[ASP.NET MVC] Controllers – Overview

A controller is responsible for how a user interacts with an MVC application. A controller interprets a user’s request and determines what response to send back to the user.

A controller is just a class, which inherits from the “System.Web.Mvc.Controller” class.

1. IController

In MVC, controllers must implement the “System.Web.Mvc.IController” interface, whose sole purpose is to execute some code when a request is made to a controller.

public interface IController
{
  void Execute(RequestContext requestContext);
}

The “System.Web.Routing.RequestContext” class encapsulates information about an HTTP request that matches a defined route. It has two properties:

  • public virtual HttpContextBase HttpContext { get; set; }
  • public virtual RouteData RouteData { get; set; }

Through the “HttpContext” object, you can access all necessary data regarding the request: Cache, Profile, Request, Response, Session, etc …

public class SimpleController : IController
{
  public void Execute(RequestContext requestContext)
  {
    string controller = requestContext.RouteData.Values["controller"] as string;
    string action = requestContext.RouteData.Values["action"] as string;
    string id = requestContext.RouteData.Values["id"] as string;

    requestContext.HttpContext.Response.Write(string.Format("{0} - {1} - {2}", controller, action, id));
  }
}

Run the application and navigate to “Simple/Hello/1” and you can see the “Simple – Hello – 1” on the screen.

 

2. ControllerBase

The abstract “System.Web.Mvc.ControllerBase” class represents the base class for all MVC controllers. It implements the “IController” interface and provides the following properties:

  • public ControllerContext ControllerContext { get; set; }
  • public Object ViewBag { get; }
  • public ViewDataDictionary ViewData { get; set; }
  • public TempDataDictionary TempData { get; set; }

 

3. Controller

The “System.Web.Mvc.Controller” class represent the MVC controller. If you create a controller in an MVC project, the controller class will derive from the “Controller” class.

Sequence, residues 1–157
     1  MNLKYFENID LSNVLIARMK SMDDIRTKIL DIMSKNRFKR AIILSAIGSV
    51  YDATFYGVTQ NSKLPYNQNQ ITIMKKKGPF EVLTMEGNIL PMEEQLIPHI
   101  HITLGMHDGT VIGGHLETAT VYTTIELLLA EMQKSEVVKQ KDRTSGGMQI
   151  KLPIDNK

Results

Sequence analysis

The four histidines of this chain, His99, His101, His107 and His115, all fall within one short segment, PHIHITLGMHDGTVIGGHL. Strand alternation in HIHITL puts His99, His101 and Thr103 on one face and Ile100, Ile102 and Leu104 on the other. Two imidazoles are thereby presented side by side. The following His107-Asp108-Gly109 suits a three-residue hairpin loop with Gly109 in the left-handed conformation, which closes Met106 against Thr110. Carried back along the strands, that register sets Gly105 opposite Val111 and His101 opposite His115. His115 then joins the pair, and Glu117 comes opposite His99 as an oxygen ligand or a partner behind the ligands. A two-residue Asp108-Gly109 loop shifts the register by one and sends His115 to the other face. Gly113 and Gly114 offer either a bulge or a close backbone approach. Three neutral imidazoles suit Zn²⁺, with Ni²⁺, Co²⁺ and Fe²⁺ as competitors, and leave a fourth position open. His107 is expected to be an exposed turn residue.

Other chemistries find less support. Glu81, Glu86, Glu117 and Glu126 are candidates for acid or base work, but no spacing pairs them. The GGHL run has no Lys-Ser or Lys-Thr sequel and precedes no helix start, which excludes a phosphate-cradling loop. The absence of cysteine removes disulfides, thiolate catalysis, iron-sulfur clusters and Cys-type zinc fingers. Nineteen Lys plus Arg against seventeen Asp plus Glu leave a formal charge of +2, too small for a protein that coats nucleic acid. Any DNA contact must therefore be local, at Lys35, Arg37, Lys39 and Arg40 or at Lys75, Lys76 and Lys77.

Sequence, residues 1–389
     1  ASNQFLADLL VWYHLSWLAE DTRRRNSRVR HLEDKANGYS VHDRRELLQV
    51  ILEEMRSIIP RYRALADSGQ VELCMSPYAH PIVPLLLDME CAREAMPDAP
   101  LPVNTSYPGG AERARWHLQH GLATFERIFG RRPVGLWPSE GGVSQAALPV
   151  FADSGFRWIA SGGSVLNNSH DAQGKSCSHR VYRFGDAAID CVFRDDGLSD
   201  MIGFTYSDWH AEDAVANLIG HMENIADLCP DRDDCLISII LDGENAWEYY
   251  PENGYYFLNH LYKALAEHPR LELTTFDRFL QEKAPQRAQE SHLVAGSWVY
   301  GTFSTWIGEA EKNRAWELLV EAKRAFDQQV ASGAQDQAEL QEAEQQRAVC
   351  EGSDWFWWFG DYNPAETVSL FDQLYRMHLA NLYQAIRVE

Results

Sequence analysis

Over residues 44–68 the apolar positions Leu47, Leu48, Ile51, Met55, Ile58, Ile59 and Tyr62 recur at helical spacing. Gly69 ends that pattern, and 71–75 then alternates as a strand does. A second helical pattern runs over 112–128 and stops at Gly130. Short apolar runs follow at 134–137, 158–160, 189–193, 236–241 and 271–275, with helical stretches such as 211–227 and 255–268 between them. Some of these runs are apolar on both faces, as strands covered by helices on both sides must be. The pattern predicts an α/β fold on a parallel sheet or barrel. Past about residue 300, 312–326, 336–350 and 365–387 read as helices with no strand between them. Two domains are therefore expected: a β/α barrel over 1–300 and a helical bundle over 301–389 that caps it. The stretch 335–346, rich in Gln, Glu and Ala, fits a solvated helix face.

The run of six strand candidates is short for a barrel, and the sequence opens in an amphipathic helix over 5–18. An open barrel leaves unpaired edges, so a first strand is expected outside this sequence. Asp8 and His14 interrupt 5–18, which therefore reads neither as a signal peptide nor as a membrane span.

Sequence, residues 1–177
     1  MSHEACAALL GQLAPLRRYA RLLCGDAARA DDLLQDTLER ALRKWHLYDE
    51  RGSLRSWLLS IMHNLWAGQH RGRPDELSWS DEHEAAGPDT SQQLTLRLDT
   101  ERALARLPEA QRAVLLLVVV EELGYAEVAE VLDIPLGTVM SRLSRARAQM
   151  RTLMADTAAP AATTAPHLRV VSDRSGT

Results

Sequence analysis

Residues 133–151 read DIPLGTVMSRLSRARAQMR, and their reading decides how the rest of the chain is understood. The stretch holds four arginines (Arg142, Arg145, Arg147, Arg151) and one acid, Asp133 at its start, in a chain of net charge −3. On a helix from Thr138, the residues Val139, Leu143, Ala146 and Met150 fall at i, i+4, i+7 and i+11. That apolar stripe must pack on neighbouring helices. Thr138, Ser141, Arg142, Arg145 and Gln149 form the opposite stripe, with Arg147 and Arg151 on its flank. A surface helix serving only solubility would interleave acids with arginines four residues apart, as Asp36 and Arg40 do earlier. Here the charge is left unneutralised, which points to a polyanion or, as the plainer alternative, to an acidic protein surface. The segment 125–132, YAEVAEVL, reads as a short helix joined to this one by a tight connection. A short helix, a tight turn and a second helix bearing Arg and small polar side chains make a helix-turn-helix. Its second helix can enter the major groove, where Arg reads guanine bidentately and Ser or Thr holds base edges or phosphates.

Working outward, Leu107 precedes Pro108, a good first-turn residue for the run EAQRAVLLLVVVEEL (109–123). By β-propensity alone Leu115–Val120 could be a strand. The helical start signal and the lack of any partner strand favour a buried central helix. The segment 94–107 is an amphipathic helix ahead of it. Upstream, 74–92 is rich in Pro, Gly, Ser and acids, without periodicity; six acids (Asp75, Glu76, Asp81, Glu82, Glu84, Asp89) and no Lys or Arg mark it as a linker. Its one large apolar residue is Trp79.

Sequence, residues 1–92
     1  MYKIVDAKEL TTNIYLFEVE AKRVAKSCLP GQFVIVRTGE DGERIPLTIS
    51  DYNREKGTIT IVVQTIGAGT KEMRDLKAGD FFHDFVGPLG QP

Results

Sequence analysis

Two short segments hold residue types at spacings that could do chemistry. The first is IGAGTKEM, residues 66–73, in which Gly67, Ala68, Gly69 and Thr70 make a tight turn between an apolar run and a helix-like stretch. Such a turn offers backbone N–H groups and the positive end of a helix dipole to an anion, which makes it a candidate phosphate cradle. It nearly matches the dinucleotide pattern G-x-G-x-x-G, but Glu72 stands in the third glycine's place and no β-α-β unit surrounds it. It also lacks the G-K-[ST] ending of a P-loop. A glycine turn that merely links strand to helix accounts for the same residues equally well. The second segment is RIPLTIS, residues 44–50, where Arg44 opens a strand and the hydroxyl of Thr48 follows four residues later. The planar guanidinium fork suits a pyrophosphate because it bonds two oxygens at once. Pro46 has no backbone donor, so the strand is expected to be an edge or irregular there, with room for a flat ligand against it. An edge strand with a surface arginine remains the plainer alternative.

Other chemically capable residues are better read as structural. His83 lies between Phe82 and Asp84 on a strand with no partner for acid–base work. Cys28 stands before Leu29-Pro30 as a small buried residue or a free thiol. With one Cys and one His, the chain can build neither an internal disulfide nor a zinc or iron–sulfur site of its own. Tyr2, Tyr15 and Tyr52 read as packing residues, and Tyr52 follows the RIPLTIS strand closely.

• public HttpContextBase HttpContext { get; }
  • public ModelStateDictionary ModelState { get; }
  • public HttpRequestBase Request { get; }
  • public HttpResponseBase Response { get; }
  • public RouteData RouteData { get; }
  • public HttpServerUtilityBase Server { get; }
  • public HttpSessionStateBase Session { get; }
  • public UrlHelper Url { get; set; }

The “Controller” class implements the “IController.Execute()” method and takes responsibility for invoking the action method whose name matches the action value in the route data.

 

4. How to Create a Controller

By convention, controller classes located in the “Controllers” folder and their names are suffixed with “Controller“.

You can add a controller by right-clicking the “Controllers” folder and selecting “Add -> Controller” menu. This will show you the “Add Controller” dialog. At this point, you have the option to generate Create, Update, and Details action methods automatically by checking the option.

The controller is just a class. So you can create a class directly in the “Controllers” folder. Just make sure the class name ends with a “Controller” suffix, and the class inherits from “System.Web.Mvc.Controller“.

 

5. Three Big Features of a Controller

Controllers provides the following key features:

  • Action Methods: represent the controller’s behavior
  • Action Results: represent the results of action methods
  • Filters: encapsulate the resuable behavior for action methods and can be defined declaratively by adding the atrributes to an action method

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